Location: The Social, 5 Little Portland Street, London, W1W 7JD
Speaker: Richard King, Nina Lyon, Robert Macfarlane and Dominick Tyler
Information: Tickets £10.00
On April 13 Faber Social and Caught By The River present The Poem That Took The Place Of A Mountain: Reflections On The Language of Place.
Richard King, author of the acclaimed How Soon is Now (2012) which was named Sunday Times Music Book of the Year reads from his new book Original Rockers (April 2nd). Philip Hoare has said of it: ‘A telling evocation of a lost past, so recent as to still be echoing in my ears, Richard King’s highly personal memoir in music stirs up scenes of provincial revolution, drawing together telling, disparate strands of influence – from the English idyll of Virginia Astley to Bristol shabeens, from the Colony Rooms to the stirrings of the Young Britist Artists. Was this our last utopian intent?’
Nina Lyon will read from her first book, a meditation on the Green Man, which is due to be published by Faber in March 2016. Her essay Mushroom Season, was published by Random House in 2014 after being chosen as runner-up in the Financial Times/Bodley Head Essay Prize.
Robert Macfarlane’s new book Landmarks (March 6th) is a celebration and defence of the language of landscape – a book about the power of single words and strong style to shape our sense of place. It is both a field guide to the literature of nature, and a vast glossary collecting thousands of the remarkable terms used in dozens of languages and dialects across Britain and Ireland (from Gaelic to Shetlandic, Suffolk to the Jersey dialect of Norman) for particular aspects of terrain, weather and light.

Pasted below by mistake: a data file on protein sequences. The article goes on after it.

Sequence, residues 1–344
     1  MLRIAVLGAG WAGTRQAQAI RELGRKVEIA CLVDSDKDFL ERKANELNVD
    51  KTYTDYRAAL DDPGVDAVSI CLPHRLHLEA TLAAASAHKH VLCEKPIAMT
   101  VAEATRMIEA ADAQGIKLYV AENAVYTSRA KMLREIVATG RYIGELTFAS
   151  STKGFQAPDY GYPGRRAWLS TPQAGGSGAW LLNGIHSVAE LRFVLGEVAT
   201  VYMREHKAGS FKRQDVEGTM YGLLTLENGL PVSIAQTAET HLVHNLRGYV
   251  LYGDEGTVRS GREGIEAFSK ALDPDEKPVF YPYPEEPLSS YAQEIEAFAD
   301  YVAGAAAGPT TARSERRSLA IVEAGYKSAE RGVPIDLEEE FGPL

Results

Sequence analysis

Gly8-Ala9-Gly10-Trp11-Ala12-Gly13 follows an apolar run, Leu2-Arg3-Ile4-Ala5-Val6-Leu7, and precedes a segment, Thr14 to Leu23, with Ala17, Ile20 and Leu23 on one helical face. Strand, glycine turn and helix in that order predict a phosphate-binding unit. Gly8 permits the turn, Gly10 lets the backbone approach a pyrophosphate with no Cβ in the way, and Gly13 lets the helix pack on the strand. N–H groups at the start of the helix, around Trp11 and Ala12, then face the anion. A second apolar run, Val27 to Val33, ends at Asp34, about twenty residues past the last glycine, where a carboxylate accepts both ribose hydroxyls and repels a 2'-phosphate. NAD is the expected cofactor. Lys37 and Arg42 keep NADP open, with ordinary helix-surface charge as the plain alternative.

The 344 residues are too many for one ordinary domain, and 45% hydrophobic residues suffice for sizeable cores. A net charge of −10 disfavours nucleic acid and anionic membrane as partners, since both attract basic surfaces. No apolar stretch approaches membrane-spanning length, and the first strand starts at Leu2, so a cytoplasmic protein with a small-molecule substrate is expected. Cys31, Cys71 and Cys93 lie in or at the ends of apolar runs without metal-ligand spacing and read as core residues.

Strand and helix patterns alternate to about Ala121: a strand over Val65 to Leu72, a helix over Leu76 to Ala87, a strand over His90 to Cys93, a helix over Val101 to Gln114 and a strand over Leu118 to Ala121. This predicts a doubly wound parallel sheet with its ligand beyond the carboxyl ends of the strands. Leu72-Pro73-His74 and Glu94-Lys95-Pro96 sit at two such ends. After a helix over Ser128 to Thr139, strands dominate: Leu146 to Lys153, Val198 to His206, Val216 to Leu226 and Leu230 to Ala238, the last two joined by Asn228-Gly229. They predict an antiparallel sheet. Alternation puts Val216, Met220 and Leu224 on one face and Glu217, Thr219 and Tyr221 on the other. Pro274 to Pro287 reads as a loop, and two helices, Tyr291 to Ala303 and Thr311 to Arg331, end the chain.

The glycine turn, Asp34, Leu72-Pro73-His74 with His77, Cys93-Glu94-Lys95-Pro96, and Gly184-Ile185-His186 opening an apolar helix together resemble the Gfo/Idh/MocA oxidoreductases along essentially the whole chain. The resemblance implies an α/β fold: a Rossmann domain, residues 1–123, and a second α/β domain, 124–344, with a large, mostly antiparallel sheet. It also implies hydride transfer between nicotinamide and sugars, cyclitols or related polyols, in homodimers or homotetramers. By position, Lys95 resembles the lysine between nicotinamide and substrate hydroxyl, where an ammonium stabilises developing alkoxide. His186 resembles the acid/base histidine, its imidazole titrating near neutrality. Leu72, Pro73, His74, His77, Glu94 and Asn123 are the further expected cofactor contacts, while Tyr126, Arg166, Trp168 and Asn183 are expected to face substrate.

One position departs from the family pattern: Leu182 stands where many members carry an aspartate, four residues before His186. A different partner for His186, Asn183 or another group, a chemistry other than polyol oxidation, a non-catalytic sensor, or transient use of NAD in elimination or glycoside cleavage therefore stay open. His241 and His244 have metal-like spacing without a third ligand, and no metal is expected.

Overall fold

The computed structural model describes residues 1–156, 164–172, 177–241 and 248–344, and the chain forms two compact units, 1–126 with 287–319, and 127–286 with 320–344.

Dominick Tyler is a photographer and writer, whose new book is Uncommon Ground: A Word Lover’s Guide To The British Landscape (Guardian-Faber, April). Matching one hundred place-words (from abri to zawn) with one hundred beautiful images, it tells the story of his journeys round the country, from the Fens to the Highlands, in search of a rich language for place.
To close out the evening there is live music from Grasscut. Everyone Was A Bird (Lo Recordings, April) is the third album by the acclaimed electronica duo. They have played and performed across the UK and Europe, including on the CBTR stage at Port Eliot. Landscape, the memories it keeps and loses, settlement and spectrality, and technology and its discontents are among this new album’s preoccupations, as its tracks travel from the north coast of Jersey to the Rhinog mountains of Wales, by way of the Sussex Downs.
Location: Ognisko Polskie (The Polish Club), 55 Princes Gate, South Kensington, London SW7 2PN
Speaker: Jessie Burton
Information: Tickets £60.00 Please don’t forget to let us know if you have any dietary requirements as soon as you purchase your ticket.
Jessie Burton was born in 1982. She studied at Oxford University and the Central School of Speech and Drama, and has worked as an actress and a PA in the City. She now lives in south-east London, not far from where she grew up. The Miniaturist was one of the hottest books at the 2013 Book Fair, with rights deals in 32 other countries. Since then the title has become something of a publishing phenomenon storming to the top of the best seller lists in both hardback and paperback, as well as winning New Writer of the Year and overall Book of the Year in the National Book Awards. Company Pictures in London have optioned TV rights to the book.
Jessie will talk about her debut novel, The Miniaturist, and her life-changing year.